Harvey Weinstein's sexual assault allegations have inspired merger and acquisitions advisers to “Weinstein clauses” to deal agreements. (Mark Lennihan/AP)

Businesses have made all manner of changes to their practices since the Harvey Weinstein allegations of sexual misconduct exploded into public view a year ago, propelling the #MeToo movement and forcing many to wrestle more seriously with workplace sexual harassment. Companies have added more training. Investment banks and merger and acquisitions advisers have added “Weinstein clauses” or required a “#MeToo rep” during deal negotiations to help protect them from claims.

Employment lawyers and executive compensation experts say some companies have begun tweaking employment agreements with top executives, being more explicit about sexual harassment in the wording of severance arrangements or in their language about what constitutes “cause” for termination -- which can allow them to avoid paying severance or accelerating the vesting of stock when someone is shown the door.

“Employers want to make sure that ‘for cause’ language is buttoned up when it comes to sexual harassment or sexual misconduct,” said Melissa Osipoff, an employment lawyer with Fisher Phillips in New York. “Not only does the company not want to pay those things to an executive going out the door who may have engaged in sexual harassment; it’s also there to create an incentive” for executives to avoid such behavior.

The issue may get more attention from employers after a New York Times story last week revealed that Google paid one of its executives, Android mobile software creator Andy Rubin, $90 million after he left in 2014 following an allegation of sexual misconduct.

To be clear, Rubin may very well not have had an employment agreement; the Times' story does not say he had a one. Indeed, Google or its parent company Alphabet has said in its proxy statements that it either does not have employment agreements or does not “provide for additional or accelerated compensation upon termination” for its named executive officers, circumstances that likely also applied to other executives.

(A spokesperson for Google did not immediately respond to requests for comment. Rubin said in tweets that the allegations were false and included “numerous inaccuracies about my employment at Google and wild exaggerations about my compensation." A spokesman for him said in an emailed statement that Rubin left Google on his own accord and “did not engage, nor has he ever been told of any misconduct at Google or anywhere else.”)

Yet the attention the story received could at least make other companies think about the reputational risks associated with payouts made to people who were accused of harassment or misconduct.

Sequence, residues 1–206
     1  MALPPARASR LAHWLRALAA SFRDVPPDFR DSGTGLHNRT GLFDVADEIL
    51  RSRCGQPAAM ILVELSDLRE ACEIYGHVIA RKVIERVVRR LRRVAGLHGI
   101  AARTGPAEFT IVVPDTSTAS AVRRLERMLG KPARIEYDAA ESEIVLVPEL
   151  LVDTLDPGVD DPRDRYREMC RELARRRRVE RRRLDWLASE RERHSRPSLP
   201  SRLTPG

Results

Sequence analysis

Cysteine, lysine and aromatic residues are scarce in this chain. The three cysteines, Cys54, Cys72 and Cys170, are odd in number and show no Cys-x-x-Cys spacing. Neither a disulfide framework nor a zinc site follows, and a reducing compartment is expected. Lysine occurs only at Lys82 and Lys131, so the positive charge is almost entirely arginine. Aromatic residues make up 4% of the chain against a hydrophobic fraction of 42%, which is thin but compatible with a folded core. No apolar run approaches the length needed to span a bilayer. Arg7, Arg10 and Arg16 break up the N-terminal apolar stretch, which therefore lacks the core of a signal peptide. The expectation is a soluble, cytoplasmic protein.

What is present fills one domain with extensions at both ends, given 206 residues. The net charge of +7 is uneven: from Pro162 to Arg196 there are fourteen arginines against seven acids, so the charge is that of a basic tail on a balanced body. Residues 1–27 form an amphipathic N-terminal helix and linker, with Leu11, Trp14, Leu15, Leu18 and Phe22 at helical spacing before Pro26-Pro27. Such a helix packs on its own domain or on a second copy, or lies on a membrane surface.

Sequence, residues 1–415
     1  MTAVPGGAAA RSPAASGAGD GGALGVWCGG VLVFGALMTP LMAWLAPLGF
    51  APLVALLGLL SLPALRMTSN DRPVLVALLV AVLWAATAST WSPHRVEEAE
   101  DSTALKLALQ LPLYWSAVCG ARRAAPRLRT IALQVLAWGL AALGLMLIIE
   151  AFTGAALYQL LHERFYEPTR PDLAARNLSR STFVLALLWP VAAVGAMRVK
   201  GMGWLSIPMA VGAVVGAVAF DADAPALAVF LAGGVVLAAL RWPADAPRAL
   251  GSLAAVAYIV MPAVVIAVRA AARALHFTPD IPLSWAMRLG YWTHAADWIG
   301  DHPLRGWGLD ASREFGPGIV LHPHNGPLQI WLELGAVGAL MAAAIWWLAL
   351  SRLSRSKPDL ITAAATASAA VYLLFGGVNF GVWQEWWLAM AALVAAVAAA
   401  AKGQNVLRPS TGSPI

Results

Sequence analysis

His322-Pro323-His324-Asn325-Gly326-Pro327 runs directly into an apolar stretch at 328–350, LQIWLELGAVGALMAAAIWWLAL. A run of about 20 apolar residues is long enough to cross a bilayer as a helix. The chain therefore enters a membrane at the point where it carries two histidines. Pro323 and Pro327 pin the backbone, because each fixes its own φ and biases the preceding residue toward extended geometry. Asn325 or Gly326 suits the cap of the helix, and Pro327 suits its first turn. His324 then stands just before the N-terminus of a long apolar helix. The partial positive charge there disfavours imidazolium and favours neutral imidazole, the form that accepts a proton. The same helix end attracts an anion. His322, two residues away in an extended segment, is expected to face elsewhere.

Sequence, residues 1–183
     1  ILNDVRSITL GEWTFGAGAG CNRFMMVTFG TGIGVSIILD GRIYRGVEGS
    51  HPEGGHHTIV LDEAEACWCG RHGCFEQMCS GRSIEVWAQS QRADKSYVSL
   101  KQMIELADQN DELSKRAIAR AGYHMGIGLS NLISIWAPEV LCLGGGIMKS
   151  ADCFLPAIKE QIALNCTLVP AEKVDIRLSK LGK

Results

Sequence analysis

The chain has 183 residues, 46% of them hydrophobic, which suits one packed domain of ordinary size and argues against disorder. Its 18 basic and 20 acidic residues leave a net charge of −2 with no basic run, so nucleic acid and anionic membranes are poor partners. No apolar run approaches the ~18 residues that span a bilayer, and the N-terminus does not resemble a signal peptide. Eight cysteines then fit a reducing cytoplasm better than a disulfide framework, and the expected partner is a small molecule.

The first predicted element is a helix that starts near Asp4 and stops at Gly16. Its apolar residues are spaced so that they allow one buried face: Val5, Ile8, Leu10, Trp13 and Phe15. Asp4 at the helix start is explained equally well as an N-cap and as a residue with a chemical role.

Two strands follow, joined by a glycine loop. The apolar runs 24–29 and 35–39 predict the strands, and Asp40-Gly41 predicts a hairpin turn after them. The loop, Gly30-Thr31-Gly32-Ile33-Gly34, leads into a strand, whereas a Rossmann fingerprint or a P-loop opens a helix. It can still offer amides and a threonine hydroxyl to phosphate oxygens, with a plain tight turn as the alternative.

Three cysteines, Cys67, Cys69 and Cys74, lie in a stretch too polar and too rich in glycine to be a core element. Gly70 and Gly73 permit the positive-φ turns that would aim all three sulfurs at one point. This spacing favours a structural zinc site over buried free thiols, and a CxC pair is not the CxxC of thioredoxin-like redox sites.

“As a result of the #MeToo movement, companies are becoming much more focused on broadening the cause provisions” in employment agreements, said Amy Bess, an employment lawyer with Vedder Price in Washington. In recent years, cause for termination “usually required a pretty significant set of circumstances" to trigger the denial of benefits, she said, such as actual conviction of a crime.

Employment agreements spell out the terms under which an employee will receive a severance payment, and often apply only to certain highly valued or high-profile employees, such as a chief executive or a top media personality. Some lawyers said many agreements have long had language in them about violating company policies that would give companies cause to terminate an executive for sexual harassment if such misconduct was outlined in the code of conduct.

Yet being more explicit about harassment in the agreement, and not just in the company policy, could send a signal to executives and investors, said John Utz, a lawyer based in Overland Park, Kan., who focuses on executive compensation and employee benefits law.

“Having the words there may stiffen the spine," he said, noting “you an’t overstate the effect of the #MeToo movement.”

Osipoff said she’s seen companies begin asking new executives during negotiations to “affirmatively represent” that they have not been the subject of a sexual harassment claim, guilty of prior claims or even that they’d never engaged in harassment or misconduct.

Others say it’s still early days, and that it can be hard for employers to translate their goal of avoiding reputation risk into words in a legal document.

“We’re at the front end of it,” said Joseph Yaffe, an employment lawyer at Skadden in Palo Alto who represents companies and executives on compensation issues. “It’s going to take some time to see a sea change."

The push is complicated by the nature of sexual harassment allegations, which can be extremely difficult to convict, and executives can be uncomfortable signing something if the terms seem fuzzy.

“#MeToo doesn’t have any legal meaning,” Yaffe said, and something like “reputational harm” in an agreement could “get executives uncomfortable because it can mean a million different things. It can be inherently subjective.”

He is talking with his corporate clients about revisiting their codes of conduct to make sure the language is clear and sees companies preparing to amend changes to contracts in the coming year.

Yaffe said he was even seeing companies explore the idea of whether “claw backs" might be used to get executives to pay back bonuses if misconduct that causes reputation harm is discovered later. But that, he said, “presents even more challenges” than drafting the issue into severance agreements.

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